Every once in a while, when I get these bass figured out and I’m sitting on a fastball, that’s when they throw the old curve ball….or slider…or change up or something besides the fast ball. It’s like these bass are messing with the old geriatric fisherman on purpose, playing with my fleeting memory and laughing at me, looking up through the gin clear water. Early this week I had them figured out and I was on top of their game. It was cruising fish on the deep flats in pockets early in the morning and then it was the rocks and docks in the afternoon. They were taking the bait with this pattern on Monday and Tuesday. My baits of choice on Monday and Tuesday were the Damiki early on the 30-40-foot-deep flats and then moving on to the rocks and docks with the green pumpkin shaky head in the afternoon. I looked for the sunny, rocky areas that had wind blowing into it. As far as worm color goes, pick one. If these bass are hungry, they’re going to eat, and I found that the color green pumpkin is just about as good as any of them when it comes to hungry bass and worms. You can get creative with the sizes and shapes too, it’s hard to say what will trigger these bass. Since I’ve surrendered most of my time to the shaky head pattern here lately, I’ve had to evolve a bit because I feel like the fish are evolving along with the pattern.
Generally, when I cast the shaky head, I control the decent of the worm, whether it is a dead weight freefall or falling at an angle because I have taken up all the slack in my line. This is something I have to think about because now I know that the fish are thinking about it too. It took me about 4 fish on Thursday to figure it out but I noticed that every time I made a cast and fed out a bunch of slack so the worm would freefall vertically. If I waited long enough, around 10 seconds after the worm settled on the bottom, when I took up the slack it was like magic, and a fish would be swimming away with the worm. My second clue was while I was running a stretch of deep docks, I saw 3 bass suspended underneath my boat, so I dropped my shaky head straight down through them and they all chased it down. I watched it all unfold on my 2D graph. As soon as the worm hit the bottom all 3 bass just stopped dead in their tracks and just stared at it. I fought off my natural instincts to “jiggle-jiggle it” and I just gave them the old razzle-dazzle dead stick to counter their 10 second rule. Little did these bass know old Jim was an expert at countermeasures and countermeasures was a very important defense system when fighting the bad guys back in the day. Sometimes the best plan is to let them make the first move, so I just let the worm soak till they either hit it or moved on. Just like clockwork at around 10 seconds I felt the old familiar tap and I set the hook on a fish some 35 feet under the boat. And so it was to be, the old 10 second rule was in effect. I remember this rule from past experiences with these bass, but I had forgotten that they sometimes use this rule to mess with me. Whether it was rocks or docks, these fish wanted that bait completely still for at least 10 seconds after it hit the bottom. If you gave it the old jiggle-jiggle they were gone.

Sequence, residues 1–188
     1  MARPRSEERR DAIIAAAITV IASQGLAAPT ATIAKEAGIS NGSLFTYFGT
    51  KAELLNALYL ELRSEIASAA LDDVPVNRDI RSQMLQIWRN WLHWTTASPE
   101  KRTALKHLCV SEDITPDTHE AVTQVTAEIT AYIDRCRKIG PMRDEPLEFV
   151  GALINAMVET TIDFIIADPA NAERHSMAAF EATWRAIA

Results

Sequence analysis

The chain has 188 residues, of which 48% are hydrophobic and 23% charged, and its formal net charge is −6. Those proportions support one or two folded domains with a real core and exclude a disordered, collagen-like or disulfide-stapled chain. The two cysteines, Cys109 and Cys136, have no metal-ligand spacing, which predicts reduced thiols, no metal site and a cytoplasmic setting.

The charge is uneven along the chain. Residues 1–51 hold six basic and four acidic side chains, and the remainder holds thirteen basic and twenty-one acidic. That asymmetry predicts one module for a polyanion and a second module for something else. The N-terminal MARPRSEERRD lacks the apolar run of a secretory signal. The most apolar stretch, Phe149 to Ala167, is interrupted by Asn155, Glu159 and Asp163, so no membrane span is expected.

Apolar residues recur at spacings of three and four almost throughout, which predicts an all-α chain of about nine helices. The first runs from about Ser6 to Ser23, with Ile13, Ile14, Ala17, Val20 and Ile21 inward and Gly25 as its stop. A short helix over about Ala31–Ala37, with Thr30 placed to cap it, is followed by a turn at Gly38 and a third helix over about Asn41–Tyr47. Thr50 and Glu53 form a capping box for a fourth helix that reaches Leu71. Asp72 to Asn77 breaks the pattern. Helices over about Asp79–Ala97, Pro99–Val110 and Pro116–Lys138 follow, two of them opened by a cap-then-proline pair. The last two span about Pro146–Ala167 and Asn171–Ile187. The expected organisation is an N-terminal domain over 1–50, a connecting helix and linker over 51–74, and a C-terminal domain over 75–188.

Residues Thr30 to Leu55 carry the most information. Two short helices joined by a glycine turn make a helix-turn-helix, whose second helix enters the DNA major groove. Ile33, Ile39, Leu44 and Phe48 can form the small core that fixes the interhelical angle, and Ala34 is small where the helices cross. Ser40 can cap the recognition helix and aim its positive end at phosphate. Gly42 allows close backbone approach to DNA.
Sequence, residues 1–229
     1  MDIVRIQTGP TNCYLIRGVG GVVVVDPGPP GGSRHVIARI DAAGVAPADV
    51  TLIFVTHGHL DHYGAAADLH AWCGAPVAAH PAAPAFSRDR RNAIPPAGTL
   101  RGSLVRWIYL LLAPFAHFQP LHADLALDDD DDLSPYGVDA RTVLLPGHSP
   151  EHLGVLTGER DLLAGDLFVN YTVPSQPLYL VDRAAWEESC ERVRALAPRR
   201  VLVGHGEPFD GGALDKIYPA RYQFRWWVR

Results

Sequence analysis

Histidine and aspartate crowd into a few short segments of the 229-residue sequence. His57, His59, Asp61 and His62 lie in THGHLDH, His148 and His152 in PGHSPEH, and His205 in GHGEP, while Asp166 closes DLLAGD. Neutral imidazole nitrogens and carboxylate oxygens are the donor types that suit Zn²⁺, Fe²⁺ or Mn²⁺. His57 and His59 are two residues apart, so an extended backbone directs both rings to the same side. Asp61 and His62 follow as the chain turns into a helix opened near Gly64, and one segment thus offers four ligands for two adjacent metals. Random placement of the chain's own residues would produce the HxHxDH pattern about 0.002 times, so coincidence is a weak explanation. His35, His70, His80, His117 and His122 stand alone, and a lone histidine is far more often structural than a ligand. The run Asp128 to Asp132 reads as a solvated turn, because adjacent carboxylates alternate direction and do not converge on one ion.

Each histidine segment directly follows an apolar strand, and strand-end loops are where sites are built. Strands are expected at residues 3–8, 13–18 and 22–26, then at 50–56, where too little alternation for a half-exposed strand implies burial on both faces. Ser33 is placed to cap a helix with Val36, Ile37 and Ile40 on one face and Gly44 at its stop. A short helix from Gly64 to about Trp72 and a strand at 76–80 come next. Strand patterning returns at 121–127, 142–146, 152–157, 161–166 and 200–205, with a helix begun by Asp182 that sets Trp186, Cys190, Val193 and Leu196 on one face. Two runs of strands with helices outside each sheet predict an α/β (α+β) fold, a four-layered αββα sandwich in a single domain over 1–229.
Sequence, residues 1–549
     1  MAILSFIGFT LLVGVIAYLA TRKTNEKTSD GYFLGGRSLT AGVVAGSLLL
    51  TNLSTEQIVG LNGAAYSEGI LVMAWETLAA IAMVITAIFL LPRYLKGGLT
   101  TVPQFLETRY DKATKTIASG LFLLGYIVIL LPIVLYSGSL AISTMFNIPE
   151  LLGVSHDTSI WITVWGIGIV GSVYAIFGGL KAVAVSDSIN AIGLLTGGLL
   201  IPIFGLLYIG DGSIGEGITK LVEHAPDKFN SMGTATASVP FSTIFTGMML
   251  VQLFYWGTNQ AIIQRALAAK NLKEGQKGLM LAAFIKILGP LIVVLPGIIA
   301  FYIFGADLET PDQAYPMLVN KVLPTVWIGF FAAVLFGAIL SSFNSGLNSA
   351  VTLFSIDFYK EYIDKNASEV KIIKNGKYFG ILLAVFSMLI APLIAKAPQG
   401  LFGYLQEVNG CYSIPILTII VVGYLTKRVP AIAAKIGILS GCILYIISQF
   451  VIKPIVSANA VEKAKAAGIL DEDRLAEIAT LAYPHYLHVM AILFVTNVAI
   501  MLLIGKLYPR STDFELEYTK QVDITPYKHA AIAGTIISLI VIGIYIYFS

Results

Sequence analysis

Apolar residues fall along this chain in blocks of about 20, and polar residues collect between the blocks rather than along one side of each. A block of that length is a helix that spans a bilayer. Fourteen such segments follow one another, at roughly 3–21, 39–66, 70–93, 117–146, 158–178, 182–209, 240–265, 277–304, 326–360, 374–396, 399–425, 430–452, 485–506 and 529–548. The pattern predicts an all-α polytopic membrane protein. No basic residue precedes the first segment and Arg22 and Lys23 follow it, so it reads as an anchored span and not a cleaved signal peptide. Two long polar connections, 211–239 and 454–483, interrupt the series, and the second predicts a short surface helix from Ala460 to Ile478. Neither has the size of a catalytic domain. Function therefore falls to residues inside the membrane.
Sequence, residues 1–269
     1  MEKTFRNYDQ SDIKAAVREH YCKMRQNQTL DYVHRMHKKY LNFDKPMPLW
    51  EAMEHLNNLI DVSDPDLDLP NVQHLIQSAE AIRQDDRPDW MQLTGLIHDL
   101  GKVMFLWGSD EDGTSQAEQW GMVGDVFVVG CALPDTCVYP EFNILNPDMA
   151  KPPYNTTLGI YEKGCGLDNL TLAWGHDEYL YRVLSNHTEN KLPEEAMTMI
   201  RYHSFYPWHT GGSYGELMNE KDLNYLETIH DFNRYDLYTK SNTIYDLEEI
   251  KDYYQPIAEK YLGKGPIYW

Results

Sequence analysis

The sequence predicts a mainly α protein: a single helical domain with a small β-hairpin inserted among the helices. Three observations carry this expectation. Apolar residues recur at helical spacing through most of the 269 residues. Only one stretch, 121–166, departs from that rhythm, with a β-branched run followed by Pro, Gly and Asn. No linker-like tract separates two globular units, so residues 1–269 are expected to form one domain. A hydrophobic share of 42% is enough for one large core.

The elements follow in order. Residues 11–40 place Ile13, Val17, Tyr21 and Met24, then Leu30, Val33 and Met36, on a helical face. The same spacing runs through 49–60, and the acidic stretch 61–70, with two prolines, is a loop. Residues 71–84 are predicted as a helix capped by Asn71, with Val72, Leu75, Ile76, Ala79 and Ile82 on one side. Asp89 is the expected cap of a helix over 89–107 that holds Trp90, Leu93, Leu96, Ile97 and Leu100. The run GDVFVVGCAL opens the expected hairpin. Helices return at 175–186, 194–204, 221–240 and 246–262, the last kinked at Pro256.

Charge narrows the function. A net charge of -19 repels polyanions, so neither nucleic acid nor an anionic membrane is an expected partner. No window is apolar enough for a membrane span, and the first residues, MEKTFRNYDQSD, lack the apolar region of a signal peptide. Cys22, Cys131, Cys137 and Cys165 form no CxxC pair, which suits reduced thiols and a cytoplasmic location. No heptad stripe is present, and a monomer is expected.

Yesterday I got my revenge and I set out in the creek, through all the boat traffic to get some redemption and I was able to get a few good ones by using the old 10 second rule to my advantage before heading back to the house for a dinner menu consisting of crawfish gumbo, homemade potato salad and gator bites.